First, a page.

Thursday, May 19, 2011

Two for two

Two games against the Red Sox and Yankees.

Two heartbreaking losses.

Read my last post to get the rundown on what happened in Boston. But what happened last night was just as painful to watch, even though you could argue that the Orioles should have never been in the opportunity to win the game in the first place.

Remember Bartolo Colon? 2005 Cy Young Award Winner? I'll always be partial to him since he was an Expo for a brief period of time -- and that trade crippled the Expos/Nationals since they gave up Cliff Lee, Brandon Phillips and Grady Sizemore to get him for three months in which they weren't going to get to the post-season anyway. Thanks, Omar Minaya.

Anyway, Colon pitched 8 innings of 3 hit baseball opposite Zach Britton, who pitched 7 innings of 1 run baseball (and that run was unearned, BTW). So Joe Girardi pulls Colon after 8 innings and 85 pitches to get his future hall of fame closer Mariano Rivera into the game. Just as Mike Flanagan and Jim Thorne are going over the worse-than-expected career numbers Rivera has against the Orioles, he blows the save, allowing a sac fly to Vlad Guerrero which ties the game 1-1.

It was an exciting comeback after a devastating loss in Boston. But they hadn't won the game just yet.

The O's went quietly in the bottom of the 10th, and the 11th is where it got interesting. Luis Ayala was on the mound of the Yankees, and Felix Pie lead off the inning with a single. Adam Jones sacrificed him over. Nick Markakis was walked. Guerrero hits a hard grounder to Alex Rodriguez, who fields the ball but is unable to make the throw. Bases loaded, 1 out.

What happens next will go down in infamy. Luke Scott has one of the worst at bats of his career, striking out on a slider down and away. I think it actually bounced into the catcher's glove. And then Matt Wieters flied out to end the inning.

After Jim Johnson retired the Yankees for the second straight inning, the O's had another chance to win the game, facing a Yankees relief pitcher who was making his MAJOR LEAGUE DEBUT. This game was prime for the taking.

JJ Hardy and Mark Reynolds both struck out. Noesi was dealing. But wait. Robert Andino walks. Pie singles. Andino moves to third. During Adam Jones' at-bat, Pie nabs second although it's defensive indifference. Jones then walks to load the bases. Nick Markakis comes to bat. Nick, who's had a slow start to the season (even though you could say it's not even the start of the season anymore, being May 18th and all, Nick is having what is called a "down year") has a chance to come up big and win the game.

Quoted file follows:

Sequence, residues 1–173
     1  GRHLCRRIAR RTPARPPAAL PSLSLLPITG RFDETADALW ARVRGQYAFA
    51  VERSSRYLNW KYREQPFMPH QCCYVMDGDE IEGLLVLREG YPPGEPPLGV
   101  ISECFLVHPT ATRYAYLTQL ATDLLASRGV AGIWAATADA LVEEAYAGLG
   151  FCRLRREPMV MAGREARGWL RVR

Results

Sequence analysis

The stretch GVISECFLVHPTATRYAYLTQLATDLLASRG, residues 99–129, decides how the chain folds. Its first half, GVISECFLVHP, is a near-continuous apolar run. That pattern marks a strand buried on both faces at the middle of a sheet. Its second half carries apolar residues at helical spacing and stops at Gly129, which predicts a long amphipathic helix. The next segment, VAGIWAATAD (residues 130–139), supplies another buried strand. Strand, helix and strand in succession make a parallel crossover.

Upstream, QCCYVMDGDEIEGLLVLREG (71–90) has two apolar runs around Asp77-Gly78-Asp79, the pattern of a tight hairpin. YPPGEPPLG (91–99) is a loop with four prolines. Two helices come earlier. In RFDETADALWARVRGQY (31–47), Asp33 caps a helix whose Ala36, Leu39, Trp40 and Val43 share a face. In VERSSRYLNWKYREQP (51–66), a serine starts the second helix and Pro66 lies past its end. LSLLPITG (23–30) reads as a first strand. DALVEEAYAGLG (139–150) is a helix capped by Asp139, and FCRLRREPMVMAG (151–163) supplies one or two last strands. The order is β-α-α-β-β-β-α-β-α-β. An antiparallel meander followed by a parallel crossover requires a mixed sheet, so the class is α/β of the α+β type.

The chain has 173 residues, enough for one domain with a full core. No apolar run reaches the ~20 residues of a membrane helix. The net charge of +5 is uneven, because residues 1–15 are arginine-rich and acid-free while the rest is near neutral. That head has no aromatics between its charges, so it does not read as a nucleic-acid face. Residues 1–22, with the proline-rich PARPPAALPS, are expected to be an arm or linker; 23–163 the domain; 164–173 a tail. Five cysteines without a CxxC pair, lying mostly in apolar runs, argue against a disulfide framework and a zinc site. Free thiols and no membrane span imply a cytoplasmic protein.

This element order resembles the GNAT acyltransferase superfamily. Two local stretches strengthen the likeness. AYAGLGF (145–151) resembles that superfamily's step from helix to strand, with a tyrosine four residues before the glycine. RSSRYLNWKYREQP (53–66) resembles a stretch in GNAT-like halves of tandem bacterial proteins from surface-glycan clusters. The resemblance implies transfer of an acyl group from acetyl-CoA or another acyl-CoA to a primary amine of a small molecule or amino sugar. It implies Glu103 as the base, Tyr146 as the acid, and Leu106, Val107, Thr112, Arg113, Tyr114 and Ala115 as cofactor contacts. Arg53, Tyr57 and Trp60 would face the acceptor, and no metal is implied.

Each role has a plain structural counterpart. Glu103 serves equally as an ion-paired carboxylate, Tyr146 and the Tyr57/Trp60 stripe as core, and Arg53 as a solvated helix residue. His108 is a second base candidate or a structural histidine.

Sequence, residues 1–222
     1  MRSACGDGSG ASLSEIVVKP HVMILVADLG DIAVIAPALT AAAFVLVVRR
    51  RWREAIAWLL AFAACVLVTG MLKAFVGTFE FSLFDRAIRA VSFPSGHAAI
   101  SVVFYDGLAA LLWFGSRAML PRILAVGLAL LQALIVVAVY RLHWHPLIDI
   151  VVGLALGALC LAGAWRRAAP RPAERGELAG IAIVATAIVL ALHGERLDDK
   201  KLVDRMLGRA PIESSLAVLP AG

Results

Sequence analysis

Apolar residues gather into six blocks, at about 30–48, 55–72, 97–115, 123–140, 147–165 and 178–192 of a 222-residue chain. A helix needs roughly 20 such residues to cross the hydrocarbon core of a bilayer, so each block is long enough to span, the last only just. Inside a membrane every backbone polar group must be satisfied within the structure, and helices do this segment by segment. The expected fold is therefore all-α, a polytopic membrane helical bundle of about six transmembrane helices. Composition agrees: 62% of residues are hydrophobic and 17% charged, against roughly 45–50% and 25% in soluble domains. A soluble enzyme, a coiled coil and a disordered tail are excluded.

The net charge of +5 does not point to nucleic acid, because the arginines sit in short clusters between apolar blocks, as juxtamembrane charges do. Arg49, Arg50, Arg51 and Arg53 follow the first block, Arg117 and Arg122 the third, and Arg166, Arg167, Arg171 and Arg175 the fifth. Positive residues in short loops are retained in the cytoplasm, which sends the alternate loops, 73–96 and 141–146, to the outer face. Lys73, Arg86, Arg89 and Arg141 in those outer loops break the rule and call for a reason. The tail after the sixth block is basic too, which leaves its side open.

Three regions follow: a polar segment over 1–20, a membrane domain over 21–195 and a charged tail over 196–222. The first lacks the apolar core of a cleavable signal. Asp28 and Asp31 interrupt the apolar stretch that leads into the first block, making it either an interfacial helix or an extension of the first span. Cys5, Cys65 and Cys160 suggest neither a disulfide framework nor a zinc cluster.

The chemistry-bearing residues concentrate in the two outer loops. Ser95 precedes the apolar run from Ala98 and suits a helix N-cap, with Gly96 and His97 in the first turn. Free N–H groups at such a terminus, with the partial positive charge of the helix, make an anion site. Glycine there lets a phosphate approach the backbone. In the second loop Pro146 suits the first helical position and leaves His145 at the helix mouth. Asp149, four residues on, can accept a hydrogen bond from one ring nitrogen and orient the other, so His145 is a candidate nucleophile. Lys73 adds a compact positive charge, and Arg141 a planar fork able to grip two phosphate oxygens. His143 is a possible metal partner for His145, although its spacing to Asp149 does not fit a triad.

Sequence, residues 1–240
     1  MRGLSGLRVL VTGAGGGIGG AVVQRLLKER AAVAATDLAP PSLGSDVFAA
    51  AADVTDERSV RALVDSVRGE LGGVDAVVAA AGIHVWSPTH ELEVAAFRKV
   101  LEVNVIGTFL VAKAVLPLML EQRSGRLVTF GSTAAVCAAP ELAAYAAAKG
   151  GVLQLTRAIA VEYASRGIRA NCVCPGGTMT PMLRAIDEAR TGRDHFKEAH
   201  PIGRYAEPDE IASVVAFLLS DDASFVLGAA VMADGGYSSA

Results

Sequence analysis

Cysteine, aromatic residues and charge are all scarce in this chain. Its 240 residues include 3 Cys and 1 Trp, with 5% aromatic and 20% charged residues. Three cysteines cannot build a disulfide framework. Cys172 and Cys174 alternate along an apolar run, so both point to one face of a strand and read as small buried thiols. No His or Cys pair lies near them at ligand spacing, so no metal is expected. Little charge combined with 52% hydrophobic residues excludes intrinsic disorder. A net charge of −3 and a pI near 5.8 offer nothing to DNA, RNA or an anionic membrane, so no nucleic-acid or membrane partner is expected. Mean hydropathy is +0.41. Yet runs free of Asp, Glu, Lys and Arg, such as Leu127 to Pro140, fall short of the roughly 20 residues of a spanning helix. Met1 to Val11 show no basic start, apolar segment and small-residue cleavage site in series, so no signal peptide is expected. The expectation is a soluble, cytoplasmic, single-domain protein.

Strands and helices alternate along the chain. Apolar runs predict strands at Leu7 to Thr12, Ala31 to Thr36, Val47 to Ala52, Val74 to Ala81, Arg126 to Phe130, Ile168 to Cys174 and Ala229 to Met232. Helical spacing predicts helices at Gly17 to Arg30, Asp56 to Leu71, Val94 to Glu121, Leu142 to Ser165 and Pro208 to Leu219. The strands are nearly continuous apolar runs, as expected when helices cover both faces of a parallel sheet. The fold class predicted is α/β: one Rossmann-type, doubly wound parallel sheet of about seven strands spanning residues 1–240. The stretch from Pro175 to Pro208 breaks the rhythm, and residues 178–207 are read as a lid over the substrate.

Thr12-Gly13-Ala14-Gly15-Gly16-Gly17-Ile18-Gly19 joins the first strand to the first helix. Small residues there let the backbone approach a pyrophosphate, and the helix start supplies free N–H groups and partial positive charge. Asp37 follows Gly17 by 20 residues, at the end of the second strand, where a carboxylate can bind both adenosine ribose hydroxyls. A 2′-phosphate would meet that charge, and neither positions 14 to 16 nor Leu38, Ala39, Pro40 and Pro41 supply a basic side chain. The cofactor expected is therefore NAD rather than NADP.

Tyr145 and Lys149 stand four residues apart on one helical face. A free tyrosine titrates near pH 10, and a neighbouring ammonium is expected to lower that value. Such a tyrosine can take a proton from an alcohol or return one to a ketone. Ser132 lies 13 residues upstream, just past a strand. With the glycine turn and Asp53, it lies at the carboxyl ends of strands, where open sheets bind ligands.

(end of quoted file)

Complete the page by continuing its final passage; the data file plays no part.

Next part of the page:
Nick takes the first pitch for a ball. Wait. You mean that pitch ten inches off home plate was a strike? Are you kidding me? Now that Nick's head is all messed up, he weakly swings at the next pitch in the dirt. If ever there was a sound effect to accompany a swing, that one would deserve a big juicy fart. Down 0-2, Nick takes the next pitch for a ball and then grounds out weakly.

So if you're counting, that's two, TWO chances blown to win the game with bases loaded. At this point I am headed to bed. If the O's hadn't won the game yet, then they're not going to win the game plain and simple. So I head to bed, but turn the game back on. Jeremy Accardo luckily gets out of the inning with the bases loaded and Vlad Guerrero leads off with a base hit to start the bottom of the 13th inning. Luke Scott flies out. Wieters grounds out. Hardy is walked intentionally. And here comes Mark Reynolds.

What does he do? Strikes out looking at a ball thrown right down the middle of the plate.

And with that, I turn the TV off and drift off to what is actually a pleasant night's sleep.

The O's went on to lose 4-1. I hear Brandon Snyder made a blunder and got doubled up at first base on a line drive out and Mike Gonzalez beaned a Yankee in the head after he let up a game winning double.

Well hey, he might be worth keeping after all.

Tuesday, May 17, 2011

Well, that figures

After the Orioles swept the Mariners and took two out of three from the first place Rays in Tampa, they headed to Boston 19-20, just a game away from that elusive .500 mark.

In the last 13 years, the Orioles have struggled mightily to get above .500. They've typically either reached it, or a game within it, and then promptly gone on a losing streak to blow any chances of getting back there for the season. The best example of this was 2002, when the Orioles were 61-61 on August 23rd. They finished the season 4-32, good for the worst 36 game stretch in modern baseball history.